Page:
Thursday, January 9, 2014

Questioning Accuracy: An Exploration of Historical Maps

Anne Bransford, History Department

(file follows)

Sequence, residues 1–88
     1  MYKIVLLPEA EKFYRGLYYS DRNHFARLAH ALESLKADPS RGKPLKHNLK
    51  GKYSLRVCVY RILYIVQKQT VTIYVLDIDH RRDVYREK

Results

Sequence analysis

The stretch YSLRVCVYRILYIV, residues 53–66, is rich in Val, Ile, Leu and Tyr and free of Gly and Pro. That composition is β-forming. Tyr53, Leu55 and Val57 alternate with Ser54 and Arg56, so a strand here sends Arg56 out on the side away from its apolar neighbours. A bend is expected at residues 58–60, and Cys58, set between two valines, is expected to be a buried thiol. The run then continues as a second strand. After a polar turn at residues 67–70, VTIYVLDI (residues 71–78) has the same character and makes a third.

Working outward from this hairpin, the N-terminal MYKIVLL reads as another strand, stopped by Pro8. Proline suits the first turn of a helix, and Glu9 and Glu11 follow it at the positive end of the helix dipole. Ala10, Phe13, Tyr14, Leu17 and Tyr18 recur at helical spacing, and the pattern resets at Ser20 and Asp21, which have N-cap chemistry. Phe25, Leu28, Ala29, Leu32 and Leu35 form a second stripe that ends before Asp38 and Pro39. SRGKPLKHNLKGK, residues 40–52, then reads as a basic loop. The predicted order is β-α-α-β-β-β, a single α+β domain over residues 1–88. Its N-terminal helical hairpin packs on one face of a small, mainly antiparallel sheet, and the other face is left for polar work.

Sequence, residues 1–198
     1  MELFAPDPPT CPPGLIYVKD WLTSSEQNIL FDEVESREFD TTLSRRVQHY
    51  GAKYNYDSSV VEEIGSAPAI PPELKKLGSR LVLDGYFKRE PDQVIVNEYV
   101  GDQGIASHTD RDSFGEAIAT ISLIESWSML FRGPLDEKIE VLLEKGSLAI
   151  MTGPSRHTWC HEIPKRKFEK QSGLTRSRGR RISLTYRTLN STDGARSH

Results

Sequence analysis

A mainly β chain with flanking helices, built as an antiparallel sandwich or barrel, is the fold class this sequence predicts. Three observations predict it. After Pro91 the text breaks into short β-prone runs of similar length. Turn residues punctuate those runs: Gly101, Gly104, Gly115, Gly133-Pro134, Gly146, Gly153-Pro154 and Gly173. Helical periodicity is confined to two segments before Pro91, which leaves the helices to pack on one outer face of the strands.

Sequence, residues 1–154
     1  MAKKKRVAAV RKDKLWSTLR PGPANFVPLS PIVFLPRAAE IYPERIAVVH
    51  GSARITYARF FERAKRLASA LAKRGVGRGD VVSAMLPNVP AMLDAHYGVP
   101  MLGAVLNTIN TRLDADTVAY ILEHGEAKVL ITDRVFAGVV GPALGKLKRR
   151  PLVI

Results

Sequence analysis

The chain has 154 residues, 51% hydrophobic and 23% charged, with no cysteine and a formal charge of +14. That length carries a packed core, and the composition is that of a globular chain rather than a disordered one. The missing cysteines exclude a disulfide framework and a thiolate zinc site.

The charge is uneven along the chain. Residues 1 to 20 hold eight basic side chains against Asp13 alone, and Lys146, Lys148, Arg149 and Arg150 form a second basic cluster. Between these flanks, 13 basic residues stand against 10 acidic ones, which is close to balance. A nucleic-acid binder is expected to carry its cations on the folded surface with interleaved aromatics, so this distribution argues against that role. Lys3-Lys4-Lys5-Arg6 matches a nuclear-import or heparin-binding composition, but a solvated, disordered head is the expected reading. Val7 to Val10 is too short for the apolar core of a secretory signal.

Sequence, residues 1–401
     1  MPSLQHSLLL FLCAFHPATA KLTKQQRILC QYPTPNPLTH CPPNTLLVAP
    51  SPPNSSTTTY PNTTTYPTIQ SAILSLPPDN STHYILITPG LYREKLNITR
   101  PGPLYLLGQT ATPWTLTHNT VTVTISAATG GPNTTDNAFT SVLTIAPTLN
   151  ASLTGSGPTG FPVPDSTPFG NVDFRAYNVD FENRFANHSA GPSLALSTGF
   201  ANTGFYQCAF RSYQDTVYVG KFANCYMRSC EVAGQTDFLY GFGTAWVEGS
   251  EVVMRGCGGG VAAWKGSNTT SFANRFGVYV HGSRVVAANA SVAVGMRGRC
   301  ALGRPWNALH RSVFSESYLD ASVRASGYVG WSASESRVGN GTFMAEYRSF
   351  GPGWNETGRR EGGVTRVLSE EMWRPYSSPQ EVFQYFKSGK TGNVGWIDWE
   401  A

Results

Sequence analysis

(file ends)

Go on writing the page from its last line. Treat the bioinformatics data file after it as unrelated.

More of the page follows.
What makes a map “accurate”? This presentation seeks to contrast concepts of spatial accuracy with cultural perspectives in regards to the best way to represent the world. Ms. Brandsford has assembled for comparison a diverse collection of six maps that range in time and in space. They include a 6th century BCE Babylonian Imago Mundi (the oldest known map), a 12th century map of Eurasia made by an Arabian at a Sicilian court, a 13th century T-O map made as part of a psalter, a 15th century Korean map of Asia, and a 16th century German clover map, as well as a modern map of the world. Using GIS technology, she calculated the mathematical precision of each map according to modern calculation in order to show how “accurate” they are from a technically correct point of view. However, this presentation is to discuss a second culturally relative point of view to take when viewing these maps. Each document is a visual representation of the way in which people of that time and place perceived the geographical world around them; as such, each is unique and immeasurably valuable for the historical perspective they provide.

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